She served from 1939 to 1960. In 1962, Blazer Hall was opened as the Georgia M Blazer Hall for Women in tribute to her twenty-one years of service as a University of Kentucky trustee. Ground was broken for the Albert B. Chandler Hospital in 1955, when Governor of Kentucky Happy Chandler recommended that the Kentucky General Assembly appropriate $5 million for the creation of the University of Kentucky College of Medicine and a medical center at the university; this was completed after a series of studies were conducted that highlighted the health needs of the citizens, as well as the need to train more physicians for the state. Five years the College of Medicine and College of Nursing opened, followed by the College of Dentistry in 1962. Nine years after the founding of The Northern Extension Center in Covington, representing the Ashland Independent School Board of Education, Ashland attorney Henderson Dysard and Ashland Oil & Refining Company founder and CEO Paul G. Blazer presented a proposal to President Dickey and the University of Kentucky Board of Trustees for the university to take over the day-to-day operations and curriculum of the Ashland Junior College, creating the Ashland Center of the Uni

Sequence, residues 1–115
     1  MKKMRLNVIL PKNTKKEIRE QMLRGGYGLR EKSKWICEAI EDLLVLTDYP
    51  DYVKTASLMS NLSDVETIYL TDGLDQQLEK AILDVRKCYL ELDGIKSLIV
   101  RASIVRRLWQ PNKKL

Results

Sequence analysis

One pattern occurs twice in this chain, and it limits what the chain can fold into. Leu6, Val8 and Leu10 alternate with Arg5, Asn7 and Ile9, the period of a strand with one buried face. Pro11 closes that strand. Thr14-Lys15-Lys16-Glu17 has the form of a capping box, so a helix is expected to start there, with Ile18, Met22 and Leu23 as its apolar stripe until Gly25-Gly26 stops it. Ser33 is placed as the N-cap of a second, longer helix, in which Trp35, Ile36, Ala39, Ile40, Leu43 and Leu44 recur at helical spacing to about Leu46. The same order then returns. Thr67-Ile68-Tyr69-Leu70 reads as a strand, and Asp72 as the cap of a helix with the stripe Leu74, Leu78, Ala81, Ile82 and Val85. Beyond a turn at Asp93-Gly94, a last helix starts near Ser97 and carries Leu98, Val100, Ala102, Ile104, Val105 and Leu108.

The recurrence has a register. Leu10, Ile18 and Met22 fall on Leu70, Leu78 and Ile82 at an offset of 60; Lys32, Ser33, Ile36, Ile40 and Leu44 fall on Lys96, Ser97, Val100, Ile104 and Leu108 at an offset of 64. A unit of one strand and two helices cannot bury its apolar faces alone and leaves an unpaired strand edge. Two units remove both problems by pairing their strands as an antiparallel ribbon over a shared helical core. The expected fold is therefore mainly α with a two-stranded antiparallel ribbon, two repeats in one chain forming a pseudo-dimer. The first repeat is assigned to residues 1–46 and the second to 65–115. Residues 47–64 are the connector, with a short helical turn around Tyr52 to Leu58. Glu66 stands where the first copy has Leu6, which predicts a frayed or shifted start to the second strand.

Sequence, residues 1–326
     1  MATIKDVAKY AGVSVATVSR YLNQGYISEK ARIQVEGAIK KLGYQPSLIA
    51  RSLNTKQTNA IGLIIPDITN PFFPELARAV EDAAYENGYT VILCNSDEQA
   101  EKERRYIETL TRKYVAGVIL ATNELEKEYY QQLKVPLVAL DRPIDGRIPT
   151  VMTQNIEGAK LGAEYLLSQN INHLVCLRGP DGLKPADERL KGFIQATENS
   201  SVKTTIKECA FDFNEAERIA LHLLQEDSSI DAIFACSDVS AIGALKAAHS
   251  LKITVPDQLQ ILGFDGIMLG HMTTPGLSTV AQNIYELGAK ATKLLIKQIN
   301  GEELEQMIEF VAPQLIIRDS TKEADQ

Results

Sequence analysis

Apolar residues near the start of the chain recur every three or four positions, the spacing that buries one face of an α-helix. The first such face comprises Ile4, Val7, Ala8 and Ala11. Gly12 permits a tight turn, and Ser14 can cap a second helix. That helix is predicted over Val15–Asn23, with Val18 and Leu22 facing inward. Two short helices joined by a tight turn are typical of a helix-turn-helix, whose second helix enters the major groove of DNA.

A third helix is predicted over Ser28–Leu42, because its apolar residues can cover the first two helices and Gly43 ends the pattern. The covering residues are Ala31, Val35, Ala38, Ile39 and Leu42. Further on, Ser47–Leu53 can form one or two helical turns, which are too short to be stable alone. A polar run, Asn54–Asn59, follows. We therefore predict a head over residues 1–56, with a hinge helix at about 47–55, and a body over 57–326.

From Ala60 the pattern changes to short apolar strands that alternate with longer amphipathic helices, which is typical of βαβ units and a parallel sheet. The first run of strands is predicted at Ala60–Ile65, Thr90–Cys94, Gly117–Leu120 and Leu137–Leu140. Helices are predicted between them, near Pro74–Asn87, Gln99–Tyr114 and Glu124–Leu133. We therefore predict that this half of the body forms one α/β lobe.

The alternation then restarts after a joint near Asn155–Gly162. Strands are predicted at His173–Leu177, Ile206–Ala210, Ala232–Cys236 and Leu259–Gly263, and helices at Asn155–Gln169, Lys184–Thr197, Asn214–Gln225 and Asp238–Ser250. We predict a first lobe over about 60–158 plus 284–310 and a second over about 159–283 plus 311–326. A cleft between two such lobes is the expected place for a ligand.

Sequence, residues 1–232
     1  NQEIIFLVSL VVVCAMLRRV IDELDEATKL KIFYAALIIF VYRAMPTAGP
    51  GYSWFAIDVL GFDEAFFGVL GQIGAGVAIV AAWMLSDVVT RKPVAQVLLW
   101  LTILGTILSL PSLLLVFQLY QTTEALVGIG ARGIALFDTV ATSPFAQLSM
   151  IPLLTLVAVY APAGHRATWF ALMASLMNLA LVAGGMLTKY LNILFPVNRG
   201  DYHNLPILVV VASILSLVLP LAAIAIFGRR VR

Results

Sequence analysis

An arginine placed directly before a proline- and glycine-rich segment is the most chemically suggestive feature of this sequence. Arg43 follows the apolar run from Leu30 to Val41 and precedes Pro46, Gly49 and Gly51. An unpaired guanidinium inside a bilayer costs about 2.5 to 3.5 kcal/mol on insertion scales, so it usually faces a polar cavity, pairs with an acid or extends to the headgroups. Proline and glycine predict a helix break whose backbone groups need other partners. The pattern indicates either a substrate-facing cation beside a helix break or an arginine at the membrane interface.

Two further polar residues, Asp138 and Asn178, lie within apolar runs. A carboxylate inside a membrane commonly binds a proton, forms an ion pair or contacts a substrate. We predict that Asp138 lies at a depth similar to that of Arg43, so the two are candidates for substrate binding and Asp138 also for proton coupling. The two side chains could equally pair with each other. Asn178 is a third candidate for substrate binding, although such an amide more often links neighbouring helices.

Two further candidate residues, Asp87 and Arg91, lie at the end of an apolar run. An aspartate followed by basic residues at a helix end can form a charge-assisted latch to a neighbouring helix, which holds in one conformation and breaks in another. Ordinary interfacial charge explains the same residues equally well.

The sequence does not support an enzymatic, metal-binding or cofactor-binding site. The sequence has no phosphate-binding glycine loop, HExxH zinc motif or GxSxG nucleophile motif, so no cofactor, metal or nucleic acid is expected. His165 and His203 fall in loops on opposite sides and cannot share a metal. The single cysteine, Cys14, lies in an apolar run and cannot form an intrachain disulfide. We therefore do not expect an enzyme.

Lisa Darr is an American actress. Darr was born Lisa Darr Grabemann in Chicago, the daughter of Mollie, an actress, Karl Grabemann, a lawyer, she graduated in 1985 with a degree in biology. She went on to receive an MFA in Acting from UCLA, she played Annie Whitman on ABC's Life. Darr's previous television appearances include the 1991 short-lived sitcom Flesh'n' Blood as Rachel Brennan, The WB's teenage drama Popular as Jane McPherson, as well as the short-lived but critically acclaimed 1996 Fox series Profit as Gail Koner. In the fifth season of the sitcom Ellen, she played Laurie Manning, the girlfriend of the title character Ellen Morgan, she played archaeologist Ginny Will on an episode of Quantum Leap. Darr made an appearance on the Fox drama House in 2006, playing a victim's mother in the episode "Distractions", she has made an appearance on the third season of The Office in the episode "Product Recall". Darr appeared in the fourth season of Weeds as Ann Carilli, she made a guest appearance in Nip/Tuck.